Perhaps there are unresolved questions of education and social psychology at work here, and until these essentially domestic, home-centered issues are examined and analysed, the true political dimension of what appears to be a spontaneous protest hijacked by some ex-KGB pros will remain obscure. The children are acting out a drama based on the political past of their parents and grandparents, but the plot of the drama is confused, and so far the characterization is at best sentimental and shallowly defined.

One difficulty with the “Cold War isn’t over” argument is that it immediately brings anyone trying to promote it into contact with people whose motivations and world view are often far from balanced – all the way from those who push the conspiracies associated with the Mitrokhin Archive to one or two comparatively respectable international commentators and journalists on the right – and sometimes the left – of European and American politics. The real, authentic Cold War had a presence and an atmosphere that was irreversibly fixed in the historical ambience of the twentieth century, with a peculiar, unique quality that can’t be repeated, any more than the unique socio-political ambience of the Soviet Union can be repeated now. Those who say without metaphor, as if it were an established fact, that the Cold War never ended, or the Soviet Union never went away, are talking from a position of unreality which deprives their otherwise often plausible arguments of the support they need. The world has changed, and the political processes and the actors that drive them have changed with it. To deny this is to drift off into a mode of thinking about the past and present of global politics that is unhistorical, and therefore likely to be fruitless.

Where the WikiLeaks scandal and the leadership of Julian Assange are concerned, it’s often noted that both the movement and its leader style themselves as “anarchist”, whereas in fact – as you point out – the techniques and ideas they employ have much more in common with those of Leninism and early Bolshevism than with any recognizably anarchist instruction book. Perhaps it’s not going too far to move the Cold War analogy out of the way and gaze further back into twentieth-century Russian history. In the period immediately preceding and following the October Revolution of 1917 there was a similar blurring of the lines between the different revolutionary movements, the Bolsheviks and Mensheviks, Anarchists and Social Revolutionaries. In looking at the contemporary techno-revolutionary phenomena it may make more sense to view them in an analogy with the era of 1917 – not as an exact copy or a continuation of that era, but as manifestations of the “revolutionary pragmatism” that Lenin advocated: a practical and technical agenda and strategy for radical international social and political upheaval, in which the overthrowers of the established order become the guardians and rulers of the world that is to replace it.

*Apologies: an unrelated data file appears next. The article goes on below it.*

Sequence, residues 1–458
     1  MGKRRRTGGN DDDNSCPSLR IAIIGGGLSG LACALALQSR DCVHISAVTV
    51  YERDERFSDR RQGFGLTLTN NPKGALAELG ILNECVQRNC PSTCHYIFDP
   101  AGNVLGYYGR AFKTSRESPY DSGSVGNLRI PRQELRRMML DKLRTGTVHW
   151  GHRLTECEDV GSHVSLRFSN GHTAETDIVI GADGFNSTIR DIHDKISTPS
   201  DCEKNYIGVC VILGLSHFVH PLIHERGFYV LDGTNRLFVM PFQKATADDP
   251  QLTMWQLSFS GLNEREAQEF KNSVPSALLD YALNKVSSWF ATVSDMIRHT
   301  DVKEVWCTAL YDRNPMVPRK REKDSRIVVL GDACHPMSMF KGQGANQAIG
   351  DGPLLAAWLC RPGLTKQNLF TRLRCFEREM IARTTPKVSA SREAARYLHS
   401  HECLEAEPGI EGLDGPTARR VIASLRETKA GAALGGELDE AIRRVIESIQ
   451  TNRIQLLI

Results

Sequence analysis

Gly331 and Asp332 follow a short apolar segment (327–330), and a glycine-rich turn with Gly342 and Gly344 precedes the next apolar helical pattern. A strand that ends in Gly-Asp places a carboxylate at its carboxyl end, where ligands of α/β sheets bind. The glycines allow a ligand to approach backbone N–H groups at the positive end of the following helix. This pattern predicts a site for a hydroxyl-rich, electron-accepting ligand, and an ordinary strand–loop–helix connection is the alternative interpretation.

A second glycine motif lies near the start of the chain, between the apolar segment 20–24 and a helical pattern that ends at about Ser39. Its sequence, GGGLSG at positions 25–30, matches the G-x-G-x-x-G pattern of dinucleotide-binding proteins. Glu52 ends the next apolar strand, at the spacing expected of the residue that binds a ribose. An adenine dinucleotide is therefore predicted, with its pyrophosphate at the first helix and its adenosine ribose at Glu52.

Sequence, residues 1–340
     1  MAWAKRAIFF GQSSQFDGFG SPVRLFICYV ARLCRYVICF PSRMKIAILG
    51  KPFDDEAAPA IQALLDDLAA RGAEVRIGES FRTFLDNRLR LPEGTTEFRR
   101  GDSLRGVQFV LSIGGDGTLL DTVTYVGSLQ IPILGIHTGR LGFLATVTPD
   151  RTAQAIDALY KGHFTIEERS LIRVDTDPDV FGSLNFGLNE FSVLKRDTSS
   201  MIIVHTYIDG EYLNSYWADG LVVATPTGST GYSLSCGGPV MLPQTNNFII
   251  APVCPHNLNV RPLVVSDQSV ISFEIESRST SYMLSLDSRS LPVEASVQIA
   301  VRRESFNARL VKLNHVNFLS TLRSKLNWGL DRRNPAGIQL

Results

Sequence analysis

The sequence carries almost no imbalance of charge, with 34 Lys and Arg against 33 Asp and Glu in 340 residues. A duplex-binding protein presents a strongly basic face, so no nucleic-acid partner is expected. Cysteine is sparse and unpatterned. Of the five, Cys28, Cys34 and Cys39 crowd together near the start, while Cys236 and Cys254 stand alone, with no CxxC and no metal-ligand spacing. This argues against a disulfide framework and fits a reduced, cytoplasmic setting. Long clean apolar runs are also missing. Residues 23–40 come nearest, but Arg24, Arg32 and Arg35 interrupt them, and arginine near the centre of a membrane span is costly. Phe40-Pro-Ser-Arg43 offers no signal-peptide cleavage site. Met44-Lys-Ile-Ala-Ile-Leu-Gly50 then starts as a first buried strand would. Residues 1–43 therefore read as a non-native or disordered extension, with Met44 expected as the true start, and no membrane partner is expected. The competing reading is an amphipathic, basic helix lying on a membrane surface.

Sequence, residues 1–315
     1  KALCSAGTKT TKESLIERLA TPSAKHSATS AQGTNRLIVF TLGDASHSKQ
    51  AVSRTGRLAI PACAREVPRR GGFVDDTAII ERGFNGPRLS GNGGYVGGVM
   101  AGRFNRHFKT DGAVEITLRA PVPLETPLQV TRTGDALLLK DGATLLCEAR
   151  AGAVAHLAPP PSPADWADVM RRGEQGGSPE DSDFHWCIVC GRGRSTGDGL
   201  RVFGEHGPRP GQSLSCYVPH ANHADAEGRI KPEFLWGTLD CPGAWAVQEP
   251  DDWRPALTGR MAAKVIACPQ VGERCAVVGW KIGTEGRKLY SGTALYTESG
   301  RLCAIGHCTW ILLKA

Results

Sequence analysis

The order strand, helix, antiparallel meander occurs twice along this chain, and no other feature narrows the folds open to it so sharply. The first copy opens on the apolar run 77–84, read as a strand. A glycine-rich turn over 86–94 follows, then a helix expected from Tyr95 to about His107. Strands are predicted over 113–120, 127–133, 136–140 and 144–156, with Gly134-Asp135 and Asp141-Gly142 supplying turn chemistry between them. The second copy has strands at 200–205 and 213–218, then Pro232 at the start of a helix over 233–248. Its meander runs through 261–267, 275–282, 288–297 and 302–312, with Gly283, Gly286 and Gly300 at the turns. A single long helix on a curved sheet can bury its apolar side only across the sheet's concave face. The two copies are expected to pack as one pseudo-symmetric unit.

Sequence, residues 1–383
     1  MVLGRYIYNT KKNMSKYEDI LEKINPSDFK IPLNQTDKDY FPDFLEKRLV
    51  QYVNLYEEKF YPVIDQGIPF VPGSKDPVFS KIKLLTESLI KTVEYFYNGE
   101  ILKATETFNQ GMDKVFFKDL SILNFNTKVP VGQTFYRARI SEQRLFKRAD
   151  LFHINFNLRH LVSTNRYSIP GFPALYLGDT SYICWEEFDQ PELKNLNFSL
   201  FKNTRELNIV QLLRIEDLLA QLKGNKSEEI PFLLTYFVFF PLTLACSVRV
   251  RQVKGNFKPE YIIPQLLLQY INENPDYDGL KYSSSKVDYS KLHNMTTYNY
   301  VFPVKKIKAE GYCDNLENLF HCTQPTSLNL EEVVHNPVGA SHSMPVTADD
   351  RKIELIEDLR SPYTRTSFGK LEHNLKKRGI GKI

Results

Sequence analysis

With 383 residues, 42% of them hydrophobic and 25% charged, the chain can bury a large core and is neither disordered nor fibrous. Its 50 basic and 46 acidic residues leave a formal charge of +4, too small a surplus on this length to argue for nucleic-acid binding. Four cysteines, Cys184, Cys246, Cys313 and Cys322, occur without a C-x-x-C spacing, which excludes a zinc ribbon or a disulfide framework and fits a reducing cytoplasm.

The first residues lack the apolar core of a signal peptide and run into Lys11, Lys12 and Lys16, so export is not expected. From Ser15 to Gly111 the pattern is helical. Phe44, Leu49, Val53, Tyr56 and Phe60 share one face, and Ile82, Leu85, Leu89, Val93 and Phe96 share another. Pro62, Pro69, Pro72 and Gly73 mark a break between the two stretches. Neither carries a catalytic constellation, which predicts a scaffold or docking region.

For that is what is really so disturbing about the technolibertarians and technocommunists, the Assanges, Snowdens, Greenwalds, Appelbaums and others who seek to destroy the governmental,security,informational and social structures of the Western state. What they all share is a desire to dominate – on the successful completion of the revolution to fill the empty seats of power themselves, and to impose their own intolerant notions of social and political justice. Given the choices and rejections of those who hold them, those notions appear to derive more from the authoritarian and totalitarian ideologies of countries like Russia, Iran and China than they do from the “distillation of Australian cultural values…[the] distillation of American cultural values” and “the First Amendment of the U.S. Constitution” that is claimed by Assange.

And maybe that is what Obama needs to be focusing on right now.